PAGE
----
The “selfie” culture has made its way into the ballot box. Voters taking photos of themselves with their ballots at the polls is now creating a legislative dilemma for states. Most state laws restrict voters from sharing ballot information or images, since they are meant to protect voter privacy and curb “vote-selling” and other schemes where photos can be used as proof for transactions.
At least 30 states have a variety of laws clearly prohibiting the disclosure of ballots. Arizona, California, Colorado, Illinois, New Jersey and New York explicitly bar the photographing or filming of marked ballots.
In California of 2012, Kim Kardashian famously used Instagram to post her absentee ballot for the White House race to rally voters to the polls. While Kardashian avoided scrutiny by posting a blank ballot, a Bay Area lawmaker is trying to amend state law to make similar selfies legal.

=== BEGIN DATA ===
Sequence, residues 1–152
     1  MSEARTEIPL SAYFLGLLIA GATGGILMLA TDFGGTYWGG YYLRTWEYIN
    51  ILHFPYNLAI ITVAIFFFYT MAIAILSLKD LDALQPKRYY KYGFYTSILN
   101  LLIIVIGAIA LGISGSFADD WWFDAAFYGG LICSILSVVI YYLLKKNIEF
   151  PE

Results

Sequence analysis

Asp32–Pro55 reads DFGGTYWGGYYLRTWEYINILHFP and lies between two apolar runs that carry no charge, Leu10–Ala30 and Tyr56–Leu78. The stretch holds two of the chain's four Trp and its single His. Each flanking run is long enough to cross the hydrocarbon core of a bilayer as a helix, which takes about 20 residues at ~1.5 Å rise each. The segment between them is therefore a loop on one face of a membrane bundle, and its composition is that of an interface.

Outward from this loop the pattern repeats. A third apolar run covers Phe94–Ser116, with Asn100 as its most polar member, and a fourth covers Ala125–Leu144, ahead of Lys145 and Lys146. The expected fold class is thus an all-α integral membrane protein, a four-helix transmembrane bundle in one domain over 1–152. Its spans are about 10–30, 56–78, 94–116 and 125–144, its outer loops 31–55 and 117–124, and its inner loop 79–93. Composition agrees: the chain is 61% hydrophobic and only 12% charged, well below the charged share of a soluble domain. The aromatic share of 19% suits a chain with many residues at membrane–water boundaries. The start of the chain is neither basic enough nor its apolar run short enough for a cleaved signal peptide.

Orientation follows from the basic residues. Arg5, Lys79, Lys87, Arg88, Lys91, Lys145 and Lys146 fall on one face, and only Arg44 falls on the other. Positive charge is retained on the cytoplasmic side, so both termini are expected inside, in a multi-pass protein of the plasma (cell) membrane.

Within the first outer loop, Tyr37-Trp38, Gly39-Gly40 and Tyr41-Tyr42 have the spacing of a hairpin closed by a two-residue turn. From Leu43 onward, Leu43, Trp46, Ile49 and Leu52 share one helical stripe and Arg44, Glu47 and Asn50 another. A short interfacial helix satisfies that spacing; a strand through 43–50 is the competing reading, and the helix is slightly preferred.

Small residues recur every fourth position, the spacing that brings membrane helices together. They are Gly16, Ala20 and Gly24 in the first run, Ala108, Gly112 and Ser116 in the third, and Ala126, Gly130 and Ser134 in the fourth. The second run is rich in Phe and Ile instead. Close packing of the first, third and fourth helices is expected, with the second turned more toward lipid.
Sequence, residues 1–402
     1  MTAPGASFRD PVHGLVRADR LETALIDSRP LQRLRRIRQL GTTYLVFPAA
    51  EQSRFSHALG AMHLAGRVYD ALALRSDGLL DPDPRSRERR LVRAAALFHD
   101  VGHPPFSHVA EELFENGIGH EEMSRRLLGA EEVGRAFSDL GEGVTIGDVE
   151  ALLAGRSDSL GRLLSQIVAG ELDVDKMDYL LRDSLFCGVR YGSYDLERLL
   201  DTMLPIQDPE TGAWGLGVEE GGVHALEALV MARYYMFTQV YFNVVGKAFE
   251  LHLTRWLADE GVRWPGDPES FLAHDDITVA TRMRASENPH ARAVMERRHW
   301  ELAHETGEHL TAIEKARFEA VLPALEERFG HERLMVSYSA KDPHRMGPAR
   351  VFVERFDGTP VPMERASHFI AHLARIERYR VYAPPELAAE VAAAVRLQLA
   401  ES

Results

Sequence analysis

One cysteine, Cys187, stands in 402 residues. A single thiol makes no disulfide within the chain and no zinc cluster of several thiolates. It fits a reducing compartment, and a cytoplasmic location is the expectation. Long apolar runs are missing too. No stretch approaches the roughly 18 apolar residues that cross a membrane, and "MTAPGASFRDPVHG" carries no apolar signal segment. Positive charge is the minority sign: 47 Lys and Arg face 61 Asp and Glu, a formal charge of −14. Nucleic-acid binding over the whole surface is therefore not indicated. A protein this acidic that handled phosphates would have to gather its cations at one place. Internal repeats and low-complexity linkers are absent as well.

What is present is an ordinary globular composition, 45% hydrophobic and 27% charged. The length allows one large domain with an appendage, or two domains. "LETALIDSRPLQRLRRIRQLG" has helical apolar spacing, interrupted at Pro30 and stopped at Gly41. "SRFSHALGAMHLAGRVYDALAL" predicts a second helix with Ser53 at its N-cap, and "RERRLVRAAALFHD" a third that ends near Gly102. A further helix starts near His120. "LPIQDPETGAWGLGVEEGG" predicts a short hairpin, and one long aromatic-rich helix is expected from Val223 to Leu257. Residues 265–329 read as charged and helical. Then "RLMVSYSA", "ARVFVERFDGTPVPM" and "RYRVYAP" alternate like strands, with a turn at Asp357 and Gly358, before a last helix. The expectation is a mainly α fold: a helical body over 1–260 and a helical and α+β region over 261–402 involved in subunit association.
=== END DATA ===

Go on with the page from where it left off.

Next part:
“Passing this bill is important to protect First Amendment freedom of speech rights and encourage a culture of voter participation,” said Assemblyman Marc Levine, a Democrat and the bill’s sponsor. Levine’s bipartisan supported bill would legalize the taking and posting of all ballot selfies, including marked and filled in ones.
Jessica Levinson, a professor at Loyola Law School and specialist in election laws, told The Los Angeles Times that California’s current laws banning ballot selfies is problematic in the digital age. However, she thinks altering these laws might have the unintended consequence of making it easier for organizations or employers to “pressure” voters.
“An employer could say, ‘Oh, we’re all voting for this today, really looking forward to seeing your ballot on Facebook later,’ ” said Levinson. She also questions the argument if allowing the selfies will actually increase California voter turnout.
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